“Herd of Swine” turns up the tempo of the album, with perhaps the fastest drum beat of the band’s career, and some pretty frantic old school beats being smashed. Among the tracks on the album, despite the hectic speed and no-compromises approach to songwriting, this sounds most like one of the more forgettable outtakes from Deathrace King. That’s not to say that it’s a bad track – not at all; in fact I like the Hanneman-esque chops of the guitar on the brooding slower sections in the middle of the track, rather than the less remarkable light-speed blur of the introduction.
“Horrid Ways” almost invites comparison to The Haunted in the swaggering, muscular guitar chops and groovy interplay between the axes. It’s certainly The Crown at their most modern sounding, though certainly to my ears the weakest song on the album.
“Ride to Ruin” comes clattering out of the speakers like a strung-out Motörhead with their pants on fire. With a don’t-care attitude and a rock n’ roll beat, this is certainly a track that would fit right at home with the sadly underappreciated “Possessed 13” album. It’s a track that’s guaranteed to put a smile on all but the stoniest of faces.
“Meduseld,” which Wiki tells me was a city of Rohan in the Lord Of The Rings tales, is a five-minute instrumental workout, which has no small amount of atmosphere, and some tasteful guitar effects that give it a really cool early Amorphis vibe – think a lengthy and updated track from their classic Elegy album to give an indication of the sound.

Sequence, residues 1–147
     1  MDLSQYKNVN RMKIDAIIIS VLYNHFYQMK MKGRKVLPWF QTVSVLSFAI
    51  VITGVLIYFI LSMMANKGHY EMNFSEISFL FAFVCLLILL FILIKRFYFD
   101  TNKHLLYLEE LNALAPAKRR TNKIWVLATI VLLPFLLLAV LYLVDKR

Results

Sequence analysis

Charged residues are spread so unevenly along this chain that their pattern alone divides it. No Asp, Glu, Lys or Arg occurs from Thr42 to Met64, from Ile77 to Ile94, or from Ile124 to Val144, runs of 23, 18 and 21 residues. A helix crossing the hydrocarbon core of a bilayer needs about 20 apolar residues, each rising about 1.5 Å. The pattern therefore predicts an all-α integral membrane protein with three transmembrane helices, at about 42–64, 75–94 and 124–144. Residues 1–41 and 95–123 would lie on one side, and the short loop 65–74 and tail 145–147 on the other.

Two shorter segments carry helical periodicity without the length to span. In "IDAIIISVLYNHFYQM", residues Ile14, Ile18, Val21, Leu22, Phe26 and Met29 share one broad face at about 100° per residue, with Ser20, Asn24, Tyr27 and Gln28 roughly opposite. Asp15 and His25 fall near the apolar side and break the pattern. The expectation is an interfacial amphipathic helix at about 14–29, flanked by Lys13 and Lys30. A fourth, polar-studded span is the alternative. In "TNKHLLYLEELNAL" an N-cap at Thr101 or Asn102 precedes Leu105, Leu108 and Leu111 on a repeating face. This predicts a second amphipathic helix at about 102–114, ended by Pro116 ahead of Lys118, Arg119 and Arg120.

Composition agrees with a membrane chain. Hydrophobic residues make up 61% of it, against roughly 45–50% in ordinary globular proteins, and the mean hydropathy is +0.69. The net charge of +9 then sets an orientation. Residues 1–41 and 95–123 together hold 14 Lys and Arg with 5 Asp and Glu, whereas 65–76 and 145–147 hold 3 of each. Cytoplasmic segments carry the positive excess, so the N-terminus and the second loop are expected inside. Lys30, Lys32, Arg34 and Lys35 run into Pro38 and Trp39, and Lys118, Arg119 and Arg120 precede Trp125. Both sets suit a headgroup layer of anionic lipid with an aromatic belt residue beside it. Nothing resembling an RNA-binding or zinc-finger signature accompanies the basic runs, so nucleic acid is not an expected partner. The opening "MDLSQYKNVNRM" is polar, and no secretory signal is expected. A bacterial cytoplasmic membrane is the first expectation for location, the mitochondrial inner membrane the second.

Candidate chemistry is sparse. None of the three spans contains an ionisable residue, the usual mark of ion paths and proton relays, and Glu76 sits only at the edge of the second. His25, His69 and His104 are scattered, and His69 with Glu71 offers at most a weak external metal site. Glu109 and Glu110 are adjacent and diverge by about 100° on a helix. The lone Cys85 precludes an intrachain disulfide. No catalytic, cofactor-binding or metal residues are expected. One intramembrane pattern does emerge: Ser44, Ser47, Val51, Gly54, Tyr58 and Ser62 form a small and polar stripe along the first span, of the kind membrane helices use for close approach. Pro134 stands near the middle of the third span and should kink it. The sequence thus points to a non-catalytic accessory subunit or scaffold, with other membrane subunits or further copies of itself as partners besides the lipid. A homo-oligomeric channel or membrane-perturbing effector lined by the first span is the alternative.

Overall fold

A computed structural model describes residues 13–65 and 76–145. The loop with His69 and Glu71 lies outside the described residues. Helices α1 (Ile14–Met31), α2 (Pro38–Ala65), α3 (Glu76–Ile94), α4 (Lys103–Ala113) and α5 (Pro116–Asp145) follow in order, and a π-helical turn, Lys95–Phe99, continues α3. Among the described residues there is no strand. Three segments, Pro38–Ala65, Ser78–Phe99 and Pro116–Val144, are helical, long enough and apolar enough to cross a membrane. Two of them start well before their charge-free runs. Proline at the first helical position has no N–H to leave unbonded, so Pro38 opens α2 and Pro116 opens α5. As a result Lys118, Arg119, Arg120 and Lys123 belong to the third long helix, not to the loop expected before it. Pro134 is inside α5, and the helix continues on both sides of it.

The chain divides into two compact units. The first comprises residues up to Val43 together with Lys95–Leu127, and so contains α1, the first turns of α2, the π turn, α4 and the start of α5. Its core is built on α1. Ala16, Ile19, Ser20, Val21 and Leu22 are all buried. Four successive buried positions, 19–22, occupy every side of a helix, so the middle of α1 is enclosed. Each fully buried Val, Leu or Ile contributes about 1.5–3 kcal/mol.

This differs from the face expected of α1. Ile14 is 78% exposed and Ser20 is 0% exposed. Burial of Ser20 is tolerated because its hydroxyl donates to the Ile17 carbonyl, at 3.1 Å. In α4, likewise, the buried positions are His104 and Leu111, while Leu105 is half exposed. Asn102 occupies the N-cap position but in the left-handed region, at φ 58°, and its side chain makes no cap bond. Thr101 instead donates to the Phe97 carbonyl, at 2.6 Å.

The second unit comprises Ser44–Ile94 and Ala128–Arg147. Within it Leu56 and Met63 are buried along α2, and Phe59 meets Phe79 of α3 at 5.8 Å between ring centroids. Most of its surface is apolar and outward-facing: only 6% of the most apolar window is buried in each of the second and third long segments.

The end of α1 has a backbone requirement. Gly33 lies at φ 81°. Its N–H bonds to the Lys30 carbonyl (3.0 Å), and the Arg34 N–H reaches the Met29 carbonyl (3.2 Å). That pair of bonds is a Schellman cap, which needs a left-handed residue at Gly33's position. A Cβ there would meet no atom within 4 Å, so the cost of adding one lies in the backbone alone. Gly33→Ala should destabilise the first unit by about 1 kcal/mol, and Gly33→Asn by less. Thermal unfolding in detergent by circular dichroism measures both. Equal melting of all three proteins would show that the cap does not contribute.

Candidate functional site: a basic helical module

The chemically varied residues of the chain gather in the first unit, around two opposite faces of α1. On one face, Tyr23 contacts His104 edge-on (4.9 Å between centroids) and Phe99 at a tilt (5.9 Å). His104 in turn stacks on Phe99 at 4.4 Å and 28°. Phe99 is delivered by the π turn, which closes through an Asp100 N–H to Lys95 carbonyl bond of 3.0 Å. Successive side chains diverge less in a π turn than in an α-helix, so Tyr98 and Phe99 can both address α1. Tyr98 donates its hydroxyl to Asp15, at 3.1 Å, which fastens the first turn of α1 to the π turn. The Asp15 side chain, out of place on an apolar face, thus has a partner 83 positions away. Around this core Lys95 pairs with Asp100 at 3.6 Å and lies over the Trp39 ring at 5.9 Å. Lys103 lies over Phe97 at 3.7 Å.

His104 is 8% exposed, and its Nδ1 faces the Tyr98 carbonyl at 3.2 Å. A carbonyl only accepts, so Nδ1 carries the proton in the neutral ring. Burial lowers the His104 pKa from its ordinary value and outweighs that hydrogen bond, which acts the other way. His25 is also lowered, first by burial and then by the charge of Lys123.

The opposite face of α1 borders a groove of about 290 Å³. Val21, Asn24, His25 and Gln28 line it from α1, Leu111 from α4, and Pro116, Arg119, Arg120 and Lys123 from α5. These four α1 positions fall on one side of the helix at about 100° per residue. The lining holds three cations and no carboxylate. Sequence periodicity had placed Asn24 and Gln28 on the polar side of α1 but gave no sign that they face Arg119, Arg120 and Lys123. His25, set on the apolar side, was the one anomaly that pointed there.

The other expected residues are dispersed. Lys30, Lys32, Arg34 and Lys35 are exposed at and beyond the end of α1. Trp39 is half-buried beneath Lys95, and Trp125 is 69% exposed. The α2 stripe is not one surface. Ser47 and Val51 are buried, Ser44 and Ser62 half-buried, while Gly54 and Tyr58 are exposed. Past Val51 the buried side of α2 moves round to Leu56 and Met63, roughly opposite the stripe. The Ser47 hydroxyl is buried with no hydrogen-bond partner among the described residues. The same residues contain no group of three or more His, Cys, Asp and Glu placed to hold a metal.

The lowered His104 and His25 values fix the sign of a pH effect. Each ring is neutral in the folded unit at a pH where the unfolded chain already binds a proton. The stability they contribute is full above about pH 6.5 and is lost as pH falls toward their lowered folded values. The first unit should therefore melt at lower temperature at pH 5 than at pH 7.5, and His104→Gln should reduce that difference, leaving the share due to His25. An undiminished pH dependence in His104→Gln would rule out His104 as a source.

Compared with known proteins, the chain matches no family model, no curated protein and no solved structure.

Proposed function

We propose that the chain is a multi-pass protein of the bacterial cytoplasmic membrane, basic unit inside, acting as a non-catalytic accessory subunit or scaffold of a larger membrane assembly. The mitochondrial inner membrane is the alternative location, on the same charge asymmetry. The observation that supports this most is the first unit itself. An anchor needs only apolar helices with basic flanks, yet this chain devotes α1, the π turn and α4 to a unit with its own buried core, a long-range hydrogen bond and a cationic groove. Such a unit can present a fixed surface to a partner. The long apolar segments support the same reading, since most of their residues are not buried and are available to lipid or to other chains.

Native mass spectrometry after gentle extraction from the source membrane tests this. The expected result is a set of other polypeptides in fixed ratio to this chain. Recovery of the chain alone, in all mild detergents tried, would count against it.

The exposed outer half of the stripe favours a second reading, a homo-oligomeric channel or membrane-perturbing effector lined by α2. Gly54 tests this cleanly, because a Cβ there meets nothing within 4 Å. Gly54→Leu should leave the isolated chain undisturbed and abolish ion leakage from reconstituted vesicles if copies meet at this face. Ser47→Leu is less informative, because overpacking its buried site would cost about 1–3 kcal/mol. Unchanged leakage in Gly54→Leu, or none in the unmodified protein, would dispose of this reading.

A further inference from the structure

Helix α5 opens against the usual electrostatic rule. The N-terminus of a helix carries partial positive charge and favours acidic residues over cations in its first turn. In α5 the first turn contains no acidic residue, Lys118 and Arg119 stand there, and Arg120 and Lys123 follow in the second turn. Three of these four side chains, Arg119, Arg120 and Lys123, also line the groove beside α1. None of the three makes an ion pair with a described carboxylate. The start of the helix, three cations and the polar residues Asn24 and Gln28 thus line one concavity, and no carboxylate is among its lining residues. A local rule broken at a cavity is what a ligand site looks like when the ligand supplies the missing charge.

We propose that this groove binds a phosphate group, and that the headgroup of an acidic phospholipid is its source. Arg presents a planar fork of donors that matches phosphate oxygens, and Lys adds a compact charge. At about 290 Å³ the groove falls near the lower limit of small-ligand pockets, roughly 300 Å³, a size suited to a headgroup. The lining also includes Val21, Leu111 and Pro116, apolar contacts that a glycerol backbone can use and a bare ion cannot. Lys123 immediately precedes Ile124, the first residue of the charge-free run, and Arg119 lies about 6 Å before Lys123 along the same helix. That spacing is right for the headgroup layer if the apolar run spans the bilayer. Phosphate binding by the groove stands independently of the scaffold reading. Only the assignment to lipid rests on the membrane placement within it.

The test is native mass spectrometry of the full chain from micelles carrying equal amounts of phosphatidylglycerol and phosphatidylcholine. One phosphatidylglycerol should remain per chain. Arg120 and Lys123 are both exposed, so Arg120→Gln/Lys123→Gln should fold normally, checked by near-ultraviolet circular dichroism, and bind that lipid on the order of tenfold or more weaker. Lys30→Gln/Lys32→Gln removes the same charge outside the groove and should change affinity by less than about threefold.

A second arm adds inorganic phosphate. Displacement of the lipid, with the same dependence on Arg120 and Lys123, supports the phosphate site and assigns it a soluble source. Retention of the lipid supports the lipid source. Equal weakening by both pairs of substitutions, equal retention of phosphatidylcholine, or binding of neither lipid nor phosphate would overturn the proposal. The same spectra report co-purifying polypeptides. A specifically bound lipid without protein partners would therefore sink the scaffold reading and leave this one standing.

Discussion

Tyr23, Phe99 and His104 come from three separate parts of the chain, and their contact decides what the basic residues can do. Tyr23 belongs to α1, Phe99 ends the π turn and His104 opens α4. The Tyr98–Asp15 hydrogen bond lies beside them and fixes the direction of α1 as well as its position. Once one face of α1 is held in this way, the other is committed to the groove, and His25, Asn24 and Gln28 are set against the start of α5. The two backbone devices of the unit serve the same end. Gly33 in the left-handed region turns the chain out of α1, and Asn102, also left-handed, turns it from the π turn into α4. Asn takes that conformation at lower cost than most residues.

“Godeater” closes proceedings with a gusto. “GOOOOOOOOD-EAAAAATAH!!!” exclaims Lindstrand with a throaty bellow. This has some massive, twisted riffs and tortured rhythms, coming off like the bastard son of Domination-era Morbid Angel and Low-era Testament, with the trademark punked-up attitude of The Crown.
As you would expect, this has a really impressive, punchy and clear production that manages to give each instrument equal billing, with a particular nod to the low-end of the guitars and the grunty, pummeling bass. Is this the album that The Crown fans have been waiting for? Possibly not. It’s slower than they may have been expecting, (though I would argue the better for it), and certainly less single-minded than some of their former albums. I consider this all the better – this is a more mature band, showing a broader range of their own and other influences, and doing what they want. So, while this may not be Deathrace King Mark 2, that’s certainly not what I wanted in any case. This is a perfect examination of their work to date, and an indication that as musicians, they are at the top of their game.
My verdict? Better than Doomsday King by some margin, and it belongs alongside their other works as a superior piece of art.
Editor: You can read my own take on Death Is Not Dead here at Heavy Metal at About.com. My take (or knowledge) is not nearly as thorough as that of Chris, but maybe I was a little too harsh in my review? You be the judge.